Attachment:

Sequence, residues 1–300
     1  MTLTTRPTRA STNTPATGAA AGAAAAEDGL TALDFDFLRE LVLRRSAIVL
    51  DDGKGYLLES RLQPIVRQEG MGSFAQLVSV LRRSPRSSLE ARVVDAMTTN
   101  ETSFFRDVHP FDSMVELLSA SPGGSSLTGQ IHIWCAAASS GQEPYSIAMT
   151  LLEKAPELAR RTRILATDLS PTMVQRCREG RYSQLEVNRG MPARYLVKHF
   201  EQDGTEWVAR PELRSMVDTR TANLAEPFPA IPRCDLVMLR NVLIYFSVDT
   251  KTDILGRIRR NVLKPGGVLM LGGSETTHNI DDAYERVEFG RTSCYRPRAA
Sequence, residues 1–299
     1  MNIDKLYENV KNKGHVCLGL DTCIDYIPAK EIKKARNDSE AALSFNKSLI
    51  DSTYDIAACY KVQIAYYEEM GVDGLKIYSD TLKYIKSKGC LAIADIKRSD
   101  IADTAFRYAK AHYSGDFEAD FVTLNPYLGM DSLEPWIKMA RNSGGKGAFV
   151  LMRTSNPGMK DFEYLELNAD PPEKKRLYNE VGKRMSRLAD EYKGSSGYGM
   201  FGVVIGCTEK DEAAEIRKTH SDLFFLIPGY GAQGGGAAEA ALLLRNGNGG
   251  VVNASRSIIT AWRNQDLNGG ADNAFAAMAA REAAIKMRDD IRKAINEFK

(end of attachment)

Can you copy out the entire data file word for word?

Sequence, residues 1–300
     1  MTLTTRPTRA STNTPATGAA AGAAAAEDGL TALDFDFLRE LVLRRSAIVL
    51  DDGKGYLLES RLQPIVRQEG MGSFAQLVSV LRRSPRSSLE ARVVDAMTTN
   101  ETSFFRDVHP FDSMVELLSA SPGGSSLTGQ IHIWCAAASS GQEPYSIAMT
   151  LLEKAPELAR RTRILATDLS PTMVQRCREG RYSQLEVNRG MPARYLVKHF
   201  EQDGTEWVAR PELRSMVDTR TANLAEPFPA IPRCDLVMLR NVLIYFSVDT
   251  KTDILGRIRR NVLKPGGVLM LGGSETTHNI DDAYERVEFG RTSCYRPRAA
Sequence, residues 1–299
     1  MNIDKLYENV KNKGHVCLGL DTCIDYIPAK EIKKARNDSE AALSFNKSLI
    51  DSTYDIAACY KVQIAYYEEM GVDGLKIYSD TLKYIKSKGC LAIADIKRSD
   101  IADTAFRYAK AHYSGDFEAD FVTLNPYLGM DSLEPWIKMA RNSGGKGAFV
   151  LMRTSNPGMK DFEYLELNAD PPEKKRLYNE VGKRMSRLAD EYKGSSGYGM
   201  FGVVIGCTEK DEAAEIRKTH SDLFFLIPGY GAQGGGAAEA ALLLRNGNGG
   251  VVNASRSIIT AWRNQDLNGG ADNAFAAMAA REAAIKMRDD IRKAINEFK